The biggest risk is the company folding and a complete wipeout of its stock price. Stocks that get down to NCAV territory probably didn't get there because management were on the top of their game. Indeed, there's a real risk some of them will go up in smoke even with your 66% selection criteria.
How real a prospect is that?
Well, I did a google search on NCAV stocks and found an article on the subject over at http://iamamazing.wordpress.com/2006/12/19/the-problem-with-netnets/ This was published seven months ago on Dec 19 2006. It turns up four NCAV candidates;
1. Dominion Homes (DHOM)
2. CET Services (CETR)
3. TransNet Corp. (TRNT)
4. Taitron Components (TAIT)
I decided to take a look at what these stocks did since then... and of those CET Services seems to have imploded. Auditors gave the company a going concern qualification back in April, and it is being delisted from the American Stock Exchange. I haven't poked around into the balance sheet of this company - it may have some pretty decent stuff to give out in the event of a liquidation but that's the stuff of bankruptcy investing, which is a different ballgame.
So of the four names seven months ago one is up in smoke, that's means in order to get a 20% return, like Graham's portfolio had, the other three names are gonna have to be absolutely on a roll over the next five months. Who knows, they may well be, then again they may well join CET in going belly up.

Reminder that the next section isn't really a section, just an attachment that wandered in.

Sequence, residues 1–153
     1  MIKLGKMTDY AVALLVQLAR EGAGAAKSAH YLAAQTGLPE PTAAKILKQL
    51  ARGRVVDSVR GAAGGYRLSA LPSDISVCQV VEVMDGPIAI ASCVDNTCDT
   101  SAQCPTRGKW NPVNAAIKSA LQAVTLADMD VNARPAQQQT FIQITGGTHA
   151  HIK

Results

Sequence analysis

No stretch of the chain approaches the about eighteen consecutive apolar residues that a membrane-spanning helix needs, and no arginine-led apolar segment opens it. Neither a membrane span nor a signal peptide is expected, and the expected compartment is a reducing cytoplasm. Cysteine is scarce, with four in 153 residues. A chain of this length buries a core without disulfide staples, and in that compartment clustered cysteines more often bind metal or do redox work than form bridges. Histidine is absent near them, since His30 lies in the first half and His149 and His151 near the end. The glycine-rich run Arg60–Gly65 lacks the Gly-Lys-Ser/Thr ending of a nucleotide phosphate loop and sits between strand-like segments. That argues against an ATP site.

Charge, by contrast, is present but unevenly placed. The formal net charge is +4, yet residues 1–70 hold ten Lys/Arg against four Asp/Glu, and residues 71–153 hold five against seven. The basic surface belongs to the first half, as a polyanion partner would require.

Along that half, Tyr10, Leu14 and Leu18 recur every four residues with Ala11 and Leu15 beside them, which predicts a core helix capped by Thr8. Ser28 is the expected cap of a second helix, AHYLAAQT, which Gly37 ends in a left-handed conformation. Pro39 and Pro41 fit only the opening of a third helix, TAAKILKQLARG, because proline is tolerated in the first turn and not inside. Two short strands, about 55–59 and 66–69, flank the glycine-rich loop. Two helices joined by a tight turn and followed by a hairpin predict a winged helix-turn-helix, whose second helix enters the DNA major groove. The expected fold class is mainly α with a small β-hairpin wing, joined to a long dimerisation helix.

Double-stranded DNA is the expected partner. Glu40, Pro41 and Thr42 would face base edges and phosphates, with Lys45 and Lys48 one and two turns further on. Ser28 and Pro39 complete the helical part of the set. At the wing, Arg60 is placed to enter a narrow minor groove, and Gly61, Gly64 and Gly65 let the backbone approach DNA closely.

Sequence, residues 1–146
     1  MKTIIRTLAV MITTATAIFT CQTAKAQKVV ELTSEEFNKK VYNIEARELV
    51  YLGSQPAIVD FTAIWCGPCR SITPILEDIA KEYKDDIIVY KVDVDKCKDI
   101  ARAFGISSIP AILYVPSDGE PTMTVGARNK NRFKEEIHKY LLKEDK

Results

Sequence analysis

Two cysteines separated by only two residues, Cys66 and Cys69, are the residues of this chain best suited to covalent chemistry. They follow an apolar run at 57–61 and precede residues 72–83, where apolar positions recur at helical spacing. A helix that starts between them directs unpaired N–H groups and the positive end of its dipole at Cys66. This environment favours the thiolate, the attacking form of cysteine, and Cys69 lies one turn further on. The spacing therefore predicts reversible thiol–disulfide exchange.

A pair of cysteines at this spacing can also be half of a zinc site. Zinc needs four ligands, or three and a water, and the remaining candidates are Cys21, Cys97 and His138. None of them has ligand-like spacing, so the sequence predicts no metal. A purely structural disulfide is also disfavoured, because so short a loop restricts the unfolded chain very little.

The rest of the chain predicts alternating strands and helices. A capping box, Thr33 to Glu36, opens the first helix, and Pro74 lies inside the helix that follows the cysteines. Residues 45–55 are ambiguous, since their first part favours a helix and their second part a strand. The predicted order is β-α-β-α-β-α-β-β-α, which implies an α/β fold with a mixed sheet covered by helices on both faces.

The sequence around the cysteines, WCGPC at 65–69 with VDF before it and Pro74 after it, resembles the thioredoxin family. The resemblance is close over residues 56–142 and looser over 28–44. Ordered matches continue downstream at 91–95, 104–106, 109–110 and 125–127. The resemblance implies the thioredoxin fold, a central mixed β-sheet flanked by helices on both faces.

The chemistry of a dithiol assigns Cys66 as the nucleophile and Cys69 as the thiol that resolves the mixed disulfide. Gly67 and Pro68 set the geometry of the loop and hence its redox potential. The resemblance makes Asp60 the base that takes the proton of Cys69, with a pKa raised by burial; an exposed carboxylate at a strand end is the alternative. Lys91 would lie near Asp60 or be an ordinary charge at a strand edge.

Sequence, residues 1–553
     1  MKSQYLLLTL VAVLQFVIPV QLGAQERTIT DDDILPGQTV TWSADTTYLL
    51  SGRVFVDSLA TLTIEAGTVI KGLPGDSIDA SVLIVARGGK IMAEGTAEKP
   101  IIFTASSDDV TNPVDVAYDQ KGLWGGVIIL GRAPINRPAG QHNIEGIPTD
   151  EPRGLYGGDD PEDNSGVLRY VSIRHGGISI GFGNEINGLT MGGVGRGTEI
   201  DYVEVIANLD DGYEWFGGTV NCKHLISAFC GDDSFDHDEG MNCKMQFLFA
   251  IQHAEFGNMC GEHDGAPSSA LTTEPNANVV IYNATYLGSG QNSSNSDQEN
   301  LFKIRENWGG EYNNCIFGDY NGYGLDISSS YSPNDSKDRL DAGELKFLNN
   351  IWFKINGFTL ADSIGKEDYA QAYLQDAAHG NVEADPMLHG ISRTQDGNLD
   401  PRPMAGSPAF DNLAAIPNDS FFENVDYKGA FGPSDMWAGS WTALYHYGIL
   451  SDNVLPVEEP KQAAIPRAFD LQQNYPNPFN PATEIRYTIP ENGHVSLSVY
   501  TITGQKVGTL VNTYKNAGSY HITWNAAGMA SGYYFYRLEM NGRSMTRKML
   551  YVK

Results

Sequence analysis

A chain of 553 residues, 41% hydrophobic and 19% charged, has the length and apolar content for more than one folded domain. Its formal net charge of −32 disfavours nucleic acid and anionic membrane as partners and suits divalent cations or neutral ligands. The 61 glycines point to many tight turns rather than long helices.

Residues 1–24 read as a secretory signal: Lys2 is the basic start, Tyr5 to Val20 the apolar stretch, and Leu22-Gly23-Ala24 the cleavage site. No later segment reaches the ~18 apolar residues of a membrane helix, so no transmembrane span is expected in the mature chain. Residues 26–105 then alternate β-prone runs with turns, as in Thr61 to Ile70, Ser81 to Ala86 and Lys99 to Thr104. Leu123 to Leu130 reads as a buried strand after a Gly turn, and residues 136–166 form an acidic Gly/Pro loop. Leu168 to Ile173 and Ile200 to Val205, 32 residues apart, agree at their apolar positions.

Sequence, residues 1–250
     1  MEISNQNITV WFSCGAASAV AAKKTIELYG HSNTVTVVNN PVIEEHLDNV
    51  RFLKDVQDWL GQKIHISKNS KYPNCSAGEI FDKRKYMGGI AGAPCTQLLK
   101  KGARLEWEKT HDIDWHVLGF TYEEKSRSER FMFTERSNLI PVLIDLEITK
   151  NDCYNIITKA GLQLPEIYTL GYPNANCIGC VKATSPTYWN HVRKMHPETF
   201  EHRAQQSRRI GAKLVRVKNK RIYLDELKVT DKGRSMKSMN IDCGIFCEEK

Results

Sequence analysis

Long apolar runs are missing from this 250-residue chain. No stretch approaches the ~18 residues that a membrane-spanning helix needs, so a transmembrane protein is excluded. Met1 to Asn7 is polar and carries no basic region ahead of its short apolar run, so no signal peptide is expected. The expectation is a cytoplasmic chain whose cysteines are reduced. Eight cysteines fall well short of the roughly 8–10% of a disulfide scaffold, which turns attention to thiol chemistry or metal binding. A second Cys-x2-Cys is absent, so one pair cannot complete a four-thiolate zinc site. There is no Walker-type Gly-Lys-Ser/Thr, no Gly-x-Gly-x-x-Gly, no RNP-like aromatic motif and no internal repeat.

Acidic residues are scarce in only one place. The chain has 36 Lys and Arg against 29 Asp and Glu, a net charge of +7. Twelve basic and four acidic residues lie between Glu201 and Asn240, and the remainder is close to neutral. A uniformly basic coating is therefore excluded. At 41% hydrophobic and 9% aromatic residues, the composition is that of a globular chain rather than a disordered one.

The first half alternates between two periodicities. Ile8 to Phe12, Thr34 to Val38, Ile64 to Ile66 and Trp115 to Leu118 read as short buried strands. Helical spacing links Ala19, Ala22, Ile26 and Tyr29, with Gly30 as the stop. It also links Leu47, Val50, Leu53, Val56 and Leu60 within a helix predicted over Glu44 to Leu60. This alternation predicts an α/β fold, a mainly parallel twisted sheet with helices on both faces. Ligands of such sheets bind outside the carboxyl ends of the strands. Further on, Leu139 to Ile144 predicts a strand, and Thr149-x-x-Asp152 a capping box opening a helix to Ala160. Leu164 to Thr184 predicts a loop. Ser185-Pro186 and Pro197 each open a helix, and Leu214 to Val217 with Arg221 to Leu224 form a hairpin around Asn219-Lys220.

With a lack of candidates (i.e. less than 10 companies at the very least) the 66% NCAV basket buying strategy can be downright dangerous. So how many 66% NCAV are there are out there today?
One place to look is over at http://www.grahaminvestor.com/screens/grahams_result
That yields as of today June 13, two candidates! Relaxing a bit to 80% gives us five names, still not a whole load, and then once we start going above that... well there don't seem to be much of a margin of safety folks if you're just going on a pure stock screen based portfolio.
As it stands NCAV screens for the U.S. market, or screens for stocks trading around or near to it, looks like a good idea generator rather than anything else. That is you need to have a proper look at the names thrown up and judge if the actual companies themselves are decent bets as I suspect buying the basket of 10-15 trading at or nearest to NCAV probably won't be great. Of course, I have no proof of that unfortunately, it's just a hunch. It would be interesting to see a study of how buying a basket of 10 plus Net/Nets at 80% NCAV perform over a one-year plus period. Does anyone know of such a study or some fund that does this kind of strategy?
Finally, the lack of 66% NCAVs may just suggest the market is expensive. After all, the post at Cheap Stocks infers there was a fairly decent wad of them back in 2003. So if there is a market meltdown, which may not be so unlikely, then we could end up with a whole load of 66% NCAV companies and you could snap up 15 plus stocks and sit it out without a load of effort.
Actually, one place which may be fertile hunting ground would be small cap and retail shares in Japan, which have been having an appalling time over the past 18 months after a high-flying internet conglomerate there called Livedoor imploded in a most likely politically-motivated investigation into the company's business practices. The Mothers Index there is down 68% from its lifetime high on January 16th.
But to invest in small cap Japanese stocks you will probably need to have a Japanese brokerage acct - not the easiest thing for non-residents and if you don't read and speak Japanese finding these stocks may be a bit of a beeatch.
Thoughts and comments welcome!